Synthesis and structural characterization of C70H38.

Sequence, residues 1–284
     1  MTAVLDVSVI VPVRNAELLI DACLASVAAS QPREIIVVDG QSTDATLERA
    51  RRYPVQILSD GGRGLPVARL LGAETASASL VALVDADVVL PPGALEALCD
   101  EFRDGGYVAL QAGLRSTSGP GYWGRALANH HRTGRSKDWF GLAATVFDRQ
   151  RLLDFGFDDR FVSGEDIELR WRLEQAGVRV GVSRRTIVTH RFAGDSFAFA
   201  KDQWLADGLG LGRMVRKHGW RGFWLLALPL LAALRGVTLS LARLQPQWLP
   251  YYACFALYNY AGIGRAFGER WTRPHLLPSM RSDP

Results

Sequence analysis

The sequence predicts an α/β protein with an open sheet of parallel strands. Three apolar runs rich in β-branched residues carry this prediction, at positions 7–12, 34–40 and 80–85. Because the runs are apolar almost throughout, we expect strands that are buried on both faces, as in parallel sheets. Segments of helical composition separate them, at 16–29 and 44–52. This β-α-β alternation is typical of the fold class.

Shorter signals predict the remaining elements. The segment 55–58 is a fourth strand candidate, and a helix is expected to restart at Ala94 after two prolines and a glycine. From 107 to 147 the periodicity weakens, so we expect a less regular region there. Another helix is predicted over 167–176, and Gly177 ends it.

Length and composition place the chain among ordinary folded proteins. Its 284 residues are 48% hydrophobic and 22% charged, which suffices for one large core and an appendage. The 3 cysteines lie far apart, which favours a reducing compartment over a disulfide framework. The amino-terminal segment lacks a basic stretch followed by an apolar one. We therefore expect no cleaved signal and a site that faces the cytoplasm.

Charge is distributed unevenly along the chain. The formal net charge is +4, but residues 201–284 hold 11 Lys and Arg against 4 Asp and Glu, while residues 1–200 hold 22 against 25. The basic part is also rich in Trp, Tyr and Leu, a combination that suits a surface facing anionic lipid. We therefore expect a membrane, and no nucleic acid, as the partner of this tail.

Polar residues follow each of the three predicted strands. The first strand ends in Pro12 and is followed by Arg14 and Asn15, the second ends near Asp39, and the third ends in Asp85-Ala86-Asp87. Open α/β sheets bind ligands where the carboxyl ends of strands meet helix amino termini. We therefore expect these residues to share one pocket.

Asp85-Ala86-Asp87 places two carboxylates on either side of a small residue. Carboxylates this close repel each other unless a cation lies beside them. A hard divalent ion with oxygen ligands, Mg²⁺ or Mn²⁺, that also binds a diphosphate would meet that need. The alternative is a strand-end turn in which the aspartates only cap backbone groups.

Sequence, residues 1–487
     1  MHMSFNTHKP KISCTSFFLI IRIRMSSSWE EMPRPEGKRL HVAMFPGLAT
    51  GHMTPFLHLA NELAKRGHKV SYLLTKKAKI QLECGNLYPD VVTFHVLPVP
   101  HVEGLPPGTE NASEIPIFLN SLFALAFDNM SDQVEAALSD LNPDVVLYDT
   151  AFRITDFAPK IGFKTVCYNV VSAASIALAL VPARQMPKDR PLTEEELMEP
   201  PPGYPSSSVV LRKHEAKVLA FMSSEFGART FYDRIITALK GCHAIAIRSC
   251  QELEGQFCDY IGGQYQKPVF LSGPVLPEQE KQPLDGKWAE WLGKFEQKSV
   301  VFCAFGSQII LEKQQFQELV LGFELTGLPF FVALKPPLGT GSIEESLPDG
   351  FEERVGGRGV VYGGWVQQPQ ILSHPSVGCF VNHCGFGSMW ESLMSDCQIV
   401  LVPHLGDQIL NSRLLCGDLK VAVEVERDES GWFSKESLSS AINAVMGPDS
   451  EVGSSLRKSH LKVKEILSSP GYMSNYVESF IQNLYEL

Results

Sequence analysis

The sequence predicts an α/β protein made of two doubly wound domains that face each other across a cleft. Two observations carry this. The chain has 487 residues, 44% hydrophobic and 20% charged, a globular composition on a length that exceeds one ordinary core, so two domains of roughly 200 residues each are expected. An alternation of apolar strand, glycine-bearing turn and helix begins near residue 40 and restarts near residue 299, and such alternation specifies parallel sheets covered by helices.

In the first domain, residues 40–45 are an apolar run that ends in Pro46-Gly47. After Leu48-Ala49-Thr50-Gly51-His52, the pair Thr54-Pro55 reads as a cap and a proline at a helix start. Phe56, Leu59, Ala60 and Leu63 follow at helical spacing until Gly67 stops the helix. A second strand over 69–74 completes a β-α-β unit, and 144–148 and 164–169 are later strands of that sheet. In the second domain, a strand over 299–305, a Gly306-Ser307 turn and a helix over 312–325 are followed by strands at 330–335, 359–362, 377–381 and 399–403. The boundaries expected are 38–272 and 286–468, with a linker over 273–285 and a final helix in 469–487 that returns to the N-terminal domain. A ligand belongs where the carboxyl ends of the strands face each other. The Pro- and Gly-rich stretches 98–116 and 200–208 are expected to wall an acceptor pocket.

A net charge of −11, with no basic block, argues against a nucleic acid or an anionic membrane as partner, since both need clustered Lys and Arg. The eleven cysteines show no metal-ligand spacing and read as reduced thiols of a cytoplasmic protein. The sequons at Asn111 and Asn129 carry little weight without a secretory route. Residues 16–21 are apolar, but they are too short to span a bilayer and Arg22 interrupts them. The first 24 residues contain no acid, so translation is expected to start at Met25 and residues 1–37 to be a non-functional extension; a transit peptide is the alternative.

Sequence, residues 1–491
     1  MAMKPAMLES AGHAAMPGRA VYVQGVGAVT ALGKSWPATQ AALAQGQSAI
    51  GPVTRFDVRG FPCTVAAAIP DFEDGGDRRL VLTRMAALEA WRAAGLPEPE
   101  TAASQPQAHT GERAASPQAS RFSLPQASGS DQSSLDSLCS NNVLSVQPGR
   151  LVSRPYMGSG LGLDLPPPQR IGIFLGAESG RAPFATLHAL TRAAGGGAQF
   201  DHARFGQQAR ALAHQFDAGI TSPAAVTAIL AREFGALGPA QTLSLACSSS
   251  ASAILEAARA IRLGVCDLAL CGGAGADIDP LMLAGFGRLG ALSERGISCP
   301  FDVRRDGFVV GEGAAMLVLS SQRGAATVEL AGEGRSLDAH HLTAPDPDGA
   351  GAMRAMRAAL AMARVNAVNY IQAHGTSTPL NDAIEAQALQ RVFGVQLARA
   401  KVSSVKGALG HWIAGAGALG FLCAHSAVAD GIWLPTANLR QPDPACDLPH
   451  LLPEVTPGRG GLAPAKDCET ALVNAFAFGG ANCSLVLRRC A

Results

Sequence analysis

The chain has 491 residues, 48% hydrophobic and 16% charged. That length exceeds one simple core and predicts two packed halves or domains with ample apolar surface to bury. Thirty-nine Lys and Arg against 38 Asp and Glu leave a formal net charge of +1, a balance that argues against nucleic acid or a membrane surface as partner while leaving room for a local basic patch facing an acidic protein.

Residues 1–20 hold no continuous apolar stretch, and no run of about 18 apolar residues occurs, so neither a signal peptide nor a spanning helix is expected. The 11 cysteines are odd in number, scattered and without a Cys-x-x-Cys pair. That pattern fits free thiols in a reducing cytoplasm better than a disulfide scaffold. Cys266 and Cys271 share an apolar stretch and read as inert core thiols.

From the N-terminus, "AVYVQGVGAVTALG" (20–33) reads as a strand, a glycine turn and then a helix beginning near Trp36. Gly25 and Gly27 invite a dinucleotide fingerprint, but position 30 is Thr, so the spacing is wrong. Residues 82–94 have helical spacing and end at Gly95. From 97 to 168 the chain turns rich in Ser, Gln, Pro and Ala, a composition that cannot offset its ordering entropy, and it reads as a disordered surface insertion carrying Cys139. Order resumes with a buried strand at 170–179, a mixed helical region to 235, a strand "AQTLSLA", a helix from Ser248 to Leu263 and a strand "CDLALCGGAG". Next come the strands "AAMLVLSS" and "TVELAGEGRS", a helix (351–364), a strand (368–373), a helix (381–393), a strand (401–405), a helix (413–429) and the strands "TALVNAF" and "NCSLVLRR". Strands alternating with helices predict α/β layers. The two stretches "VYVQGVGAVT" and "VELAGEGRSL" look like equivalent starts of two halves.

Theoretical and experimental studies on addition reactions of fullerenes have been reported over the last few years as these reactions can lead to many different materials with various chemical and optical properties. The report of improved efficiency in photovoltaic cells through the use of fullerene-based materials has further increased the interest in this research field. We have shown that the high-pressure hydrogenation of C60 at 100 bar and 400 8C results in the direct synthesis of predominantly a C3v isomer of C60H18 in more than 95% purity without any further purification. We now report the successful synthesis and structural determination of the far more complex C70H38 structure. Theoretically, the number of isomers for a specific hydrogenated fullerene structure is enormous. For example, C60H18 has been calculated to have 6, 10 such isomers and C60H36 roughly 1 , 10, 5] but in practice stability constraints reduce that number significantly. For fullerene structures such as C60 and C70, the stability is mainly determined by the combination of p-electronic and steric contributions to the total energy, whereas most of the isomers of hydrogenated structures are thought to be stabilized by pair-wise addition of hydrogen atoms. According to semiempirical calculations, the initial pair-wise hydrogenation should occur at hex-hex edges. The aromaticity of the different isomers is also an important parameter, and it has been shown that particularly stable isomers exist for structures containing separated benzenoid rings. Hydrofullerenes that have isomers with separated benzenoid rings are C60H36 [5,9] and C70H36. [10] The importance of the separated benzenoid rings for stability has, however, been questioned for C70H36 by Fowler et al. , who conclude on the basis of MNDO calculations that the most stable structure of C70H36 does not contain benzenoid rings. [8] From these results, it is clear that further experimental studies are needed to fully explain the stability of hydrogenated fullerenes and related compounds. Hydrogenated fullerenes have been synthesized by several methods, with the resulting structures and compositions depending on the specific method used. In many cases the produced material needs significant purification, which is both costly and time-consuming. Our present study and earlier studies have shown that the hydrogenation of fullerenes at appropriate pressures and temperatures results in the selective preparation of materials with particular stoichiometries and consisting of only a small number of isomers. This result can, at least partly, be explained by a rearrangement of the hydrogen atoms on the fullerene surface as a result of the extreme experimental conditions, thereby leading to the formation of the most stable structure. However, prolonged hydrogenation of C60 results in fragmentation and partial collapse of the fullerene cage with formation of, for example, C59Hx and C58Hx. [12] Figure 1 shows the mass spectral analysis obtained by 9.4 T high-resolution atmospheric-pressure photoionization Fourier transform ion cyclotron resonance mass spectrometry (APPI FT-ICR MS) of a C70 sample hydrogenated at 673 K and an H2 pressure of 100 bar for 72 h. Figure 1a shows a base signal that corresponds to the singly charged molecular ion of C70H37. As hydrocarbons have only an even number of hydrogen atoms in the solid state, the C70H37 ions must originate either from protonation of C70H36 during ionization or from loss of a hydrogen atom from C70H38 C. In contrast to NMR spectroscopic results, the high-resolution mass spectrum shows abundant non-hydrogenated C70 radical ions and oxidized C70H38 ions. Figure 1b indicates the presence of the C70Hx (x= 36, 38, 40, ...) series of hydrocarbons that undergo both protonation and radical-ion formation upon APPI. The splitting of the signals shown in Figure 1c confirms the presence of C70H38 in the mixture of hydrogenated fullerenes. Specifically, the monoisotopic [C70H38] C species is resolved from [C69 CH37] + (CH and C differ in mass by 4.4 mDa), and [*] Dr. M. Hedenstr m, Dr. I. Sethson, Prof. D. Johnels Ume% University Department of Chemistry 901 87 Ume% (Sweden) Fax: (+46)90-786-66-73 E-mail:


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